Background: Women are at higher risk of thrombotic or severe bleeding complications during pregnancy, especially in the postpartum period (around 1%), but no prospective data have been available for women with antiphospholipid syndrome (APS). We report the first results of the French GR2 prospective study of pregnancy and rare diseases.
Objectives: To describe the thrombotic and haemorrhagic events in APS patients included in the GR2 study and to identify risk factors associated with these complications.
Methods: Women with APS and an ongoing pregnancy at 12 weeks of gestation were eligible for prospective inclusion in the GR2 study. Exclusion criteria were proteinuria (ratio > 1 g/g), serum creatinine > 100 µmol/L, or a multifetal pregnancy. Severe bleeding was defined as the need for transfusion, intensive care admission, or invasive treatment. Uteroplacental vascular insufficiency was defined as intrauterine growth restriction, preeclampsia, or HELLP syndrome.
Results: The study included 119 pregnancies in 119 APS patients (53% thrombotic and 47% obstetric only APS). Treatment included aspirin (99%) and heparin (98%, in the therapeutic range for 50%).
Twelve women (10%) had a thrombotic (n=5) and/or a severe haemorrhagic event (n=9).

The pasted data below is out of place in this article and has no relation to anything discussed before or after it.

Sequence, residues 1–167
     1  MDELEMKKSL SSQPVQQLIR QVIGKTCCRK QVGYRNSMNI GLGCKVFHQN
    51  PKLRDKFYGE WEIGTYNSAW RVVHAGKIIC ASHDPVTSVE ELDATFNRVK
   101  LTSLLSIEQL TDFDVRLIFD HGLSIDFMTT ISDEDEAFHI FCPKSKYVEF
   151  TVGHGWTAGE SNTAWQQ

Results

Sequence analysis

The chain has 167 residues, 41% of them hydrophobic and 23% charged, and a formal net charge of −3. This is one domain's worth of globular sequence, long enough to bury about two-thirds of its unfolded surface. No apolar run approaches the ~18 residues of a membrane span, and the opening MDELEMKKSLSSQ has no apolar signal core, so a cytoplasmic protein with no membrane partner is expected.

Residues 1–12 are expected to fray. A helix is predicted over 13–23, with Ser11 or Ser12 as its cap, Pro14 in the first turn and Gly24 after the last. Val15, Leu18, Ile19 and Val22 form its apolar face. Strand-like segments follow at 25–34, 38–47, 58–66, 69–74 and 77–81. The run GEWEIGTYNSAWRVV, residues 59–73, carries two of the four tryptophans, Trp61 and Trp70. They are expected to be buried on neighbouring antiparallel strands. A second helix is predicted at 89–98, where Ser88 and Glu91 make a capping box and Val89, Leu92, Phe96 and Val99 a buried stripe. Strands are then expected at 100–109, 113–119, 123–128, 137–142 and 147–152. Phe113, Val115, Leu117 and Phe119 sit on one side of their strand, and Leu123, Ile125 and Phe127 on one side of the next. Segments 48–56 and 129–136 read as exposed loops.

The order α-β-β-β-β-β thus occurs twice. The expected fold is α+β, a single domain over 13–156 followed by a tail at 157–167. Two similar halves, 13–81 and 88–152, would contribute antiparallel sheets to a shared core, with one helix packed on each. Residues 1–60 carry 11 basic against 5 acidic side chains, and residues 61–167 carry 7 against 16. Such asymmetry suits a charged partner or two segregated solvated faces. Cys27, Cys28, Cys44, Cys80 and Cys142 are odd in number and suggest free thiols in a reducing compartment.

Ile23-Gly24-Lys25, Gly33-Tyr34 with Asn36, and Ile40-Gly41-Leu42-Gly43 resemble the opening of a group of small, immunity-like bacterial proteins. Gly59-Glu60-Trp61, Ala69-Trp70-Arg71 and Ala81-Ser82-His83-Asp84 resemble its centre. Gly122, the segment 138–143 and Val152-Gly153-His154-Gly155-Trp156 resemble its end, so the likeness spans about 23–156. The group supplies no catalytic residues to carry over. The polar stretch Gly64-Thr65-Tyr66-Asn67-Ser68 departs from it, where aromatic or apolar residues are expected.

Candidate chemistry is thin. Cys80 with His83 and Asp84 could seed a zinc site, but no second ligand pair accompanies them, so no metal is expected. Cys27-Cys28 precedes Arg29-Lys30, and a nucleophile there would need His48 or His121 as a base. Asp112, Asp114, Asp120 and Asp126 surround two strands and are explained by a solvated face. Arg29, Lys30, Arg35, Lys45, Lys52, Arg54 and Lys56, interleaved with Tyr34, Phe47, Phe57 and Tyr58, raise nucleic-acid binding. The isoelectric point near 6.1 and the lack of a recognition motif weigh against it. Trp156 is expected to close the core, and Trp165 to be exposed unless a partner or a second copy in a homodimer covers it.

The thrombotic events included stroke (at 11 weeks; n=1), catastrophic APS (CAPS) (n=2), a pulmonary embolism (n=1), and portal vein thrombosis (n=1)(in the postpartum). Placental insufficiency was also present in 6 of these 12 women.
Among the 22 (18.5%) women with at least one bleeding event (n=28), 9 (7.6%) had events defined as severe. Six of nine (67%) severe haemorrhages occurred in the postpartum and were directly related to the delivery. Two required an intrauterine balloon tamponade, two uterine arterial embolisation, and three surgery, including one hysterectomy.
No women died.
Finally, thrombotic and/or severe bleeding events during the postpartum period (n=9) were more frequent in women with lupus anticoagulant (14% versus 0%; P=0.01), with associated placental insufficiency (29% versus 3%; P=0.001) and with preterm delivery ≤34 weeks (33% versus 4%, P=0.002).
Conclusion: Even though most women in our cohort received treatment based on current recommendations, a substantial number of maternal thrombotic and haemorrhagic events (10%) occurred. Despite several life-threatening complications, including CAPS, no women died.
Most of the thrombotic or haemorrhagic events occurred in the peripartum period, and they were more frequent in women with the lupus anticoagulant, placental insufficiency, and preterm delivery.
Although this morbidity rarely appears preventable, knowledge of the risk factors should increase awareness and help physicians to manage APS patients at particularly high risk.
Disclosure of Interests: Anne Murarasu: None declared, Véronique LE GUERN Grant/research support from: UCB for GR2 study (to our institution), Gaêlle Guettrot Imbert: None declared, Elisabeth Pasquier: None declared, cecile yelnik: None declared, Viviane Queyrel: None declared, Nicolas Schleinitz: None declared, Nicole Ferreira-Maldent: None declared, Vincent Langlois: None declared, Geoffrey Urbanski: None declared, Catherine Deneux-Tharaux: None declared, Nathalie Costedoat-Chalumeau Grant/research support from: UCB to my institution
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